Pages 43 to 52 of Cauville's text contain all the information pertinent to your questions about wine, and my answers here are being paraphrased from there and supplemented by my own commentary.

Wine comes in a few different forms as offerings, under different headings: Irep (wine in its basic form); Iret-Heru Wadj ("The Green Eye of Heru"); Shedeh (mulled wine); Heru-A / Irer (which is a manner of grape-drink described as a distinctly "male elixir" and may not be wine per se, but I am including it in the list); and the all-important Menw-drink served in the Dedet-cup, which can include or be a wine-drink but is not necessarily such.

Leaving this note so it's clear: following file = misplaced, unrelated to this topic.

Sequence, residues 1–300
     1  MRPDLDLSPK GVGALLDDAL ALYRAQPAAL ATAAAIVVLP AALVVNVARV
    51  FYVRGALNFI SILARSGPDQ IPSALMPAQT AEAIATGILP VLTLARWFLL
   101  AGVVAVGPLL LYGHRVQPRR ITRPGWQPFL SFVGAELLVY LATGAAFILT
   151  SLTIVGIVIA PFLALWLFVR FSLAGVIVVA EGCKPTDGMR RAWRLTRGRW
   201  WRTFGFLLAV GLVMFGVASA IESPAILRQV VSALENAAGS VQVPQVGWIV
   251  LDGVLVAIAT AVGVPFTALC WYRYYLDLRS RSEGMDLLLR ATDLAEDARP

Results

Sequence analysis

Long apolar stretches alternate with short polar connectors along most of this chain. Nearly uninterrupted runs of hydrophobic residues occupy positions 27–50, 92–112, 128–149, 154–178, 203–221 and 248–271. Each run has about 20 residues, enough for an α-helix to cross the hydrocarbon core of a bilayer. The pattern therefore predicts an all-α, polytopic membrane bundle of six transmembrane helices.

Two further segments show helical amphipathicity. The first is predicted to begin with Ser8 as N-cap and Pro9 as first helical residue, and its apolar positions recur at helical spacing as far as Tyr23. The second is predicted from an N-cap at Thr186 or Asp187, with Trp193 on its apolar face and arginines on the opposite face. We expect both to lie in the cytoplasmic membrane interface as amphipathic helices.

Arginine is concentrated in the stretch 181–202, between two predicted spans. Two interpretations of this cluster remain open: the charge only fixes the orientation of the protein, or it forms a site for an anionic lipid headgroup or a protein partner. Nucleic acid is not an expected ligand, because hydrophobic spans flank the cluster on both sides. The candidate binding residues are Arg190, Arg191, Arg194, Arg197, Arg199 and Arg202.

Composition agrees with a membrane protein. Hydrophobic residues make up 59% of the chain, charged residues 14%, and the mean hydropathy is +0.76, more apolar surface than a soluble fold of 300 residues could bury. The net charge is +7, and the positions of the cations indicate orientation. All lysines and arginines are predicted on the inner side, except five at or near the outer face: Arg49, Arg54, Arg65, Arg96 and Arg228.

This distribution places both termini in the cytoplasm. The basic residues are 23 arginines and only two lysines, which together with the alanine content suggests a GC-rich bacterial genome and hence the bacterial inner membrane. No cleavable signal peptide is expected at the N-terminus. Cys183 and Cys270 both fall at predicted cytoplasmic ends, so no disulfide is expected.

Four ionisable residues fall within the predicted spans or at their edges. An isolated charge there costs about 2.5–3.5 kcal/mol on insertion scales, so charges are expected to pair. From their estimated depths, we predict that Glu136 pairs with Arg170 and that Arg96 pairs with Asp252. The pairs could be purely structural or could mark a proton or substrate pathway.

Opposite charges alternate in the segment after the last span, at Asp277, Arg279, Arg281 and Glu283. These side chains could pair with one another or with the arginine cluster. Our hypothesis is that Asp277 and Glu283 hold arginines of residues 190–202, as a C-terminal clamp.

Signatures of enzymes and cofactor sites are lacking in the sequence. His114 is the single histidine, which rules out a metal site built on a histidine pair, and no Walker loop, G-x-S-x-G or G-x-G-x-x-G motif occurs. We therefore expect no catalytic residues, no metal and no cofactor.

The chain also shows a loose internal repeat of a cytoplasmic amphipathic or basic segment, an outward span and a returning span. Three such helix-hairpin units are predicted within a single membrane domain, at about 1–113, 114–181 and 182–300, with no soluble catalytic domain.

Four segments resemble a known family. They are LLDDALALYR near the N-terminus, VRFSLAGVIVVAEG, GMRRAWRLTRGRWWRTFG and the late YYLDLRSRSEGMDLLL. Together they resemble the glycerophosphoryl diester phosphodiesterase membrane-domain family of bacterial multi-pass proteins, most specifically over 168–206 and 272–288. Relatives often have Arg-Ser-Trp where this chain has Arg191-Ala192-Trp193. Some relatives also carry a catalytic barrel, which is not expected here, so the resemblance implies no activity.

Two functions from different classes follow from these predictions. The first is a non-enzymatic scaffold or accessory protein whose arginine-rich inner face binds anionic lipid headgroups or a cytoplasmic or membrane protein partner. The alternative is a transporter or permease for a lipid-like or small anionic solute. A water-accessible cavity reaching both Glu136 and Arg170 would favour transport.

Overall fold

Irep - Irep, or wine in its basic form, is an exceptionally common libation presented to the Lords of a given temple, to deities which preside over a wine-producing region (i.e. Northeast Delta Set, Western Oases Set, and Hathor-Goddesses), and the Heliopolitan family of Netjeru. Set and Hathor overall (that is, accounting for Their diverse regionalized manifestations) are traditionally considered the Patrons of wine and wine-production, on account of Their associations with foreign lands (wine was also imported in large quantities from the Levant), "excess," sex, and inebriation, in addition to Their precincts being situated around a number of important vineyards in the North and in the oases further South. However, not only Set's and Hathor's cult centers / temple estates maintained vineyards and distilleries. Behdet / Edfu, arguably the most prominent Heru-God temple, and Pilak / Philae, one of Aset's most important cult centers, also boasted vineyards and distilleries. Wine in its basic form is most typically shown being presented in two unremarkable round jars, which a number of offerings like water and unguents can be offered-in. There are indeed specialized containers for special kinds of wine, which I will address below.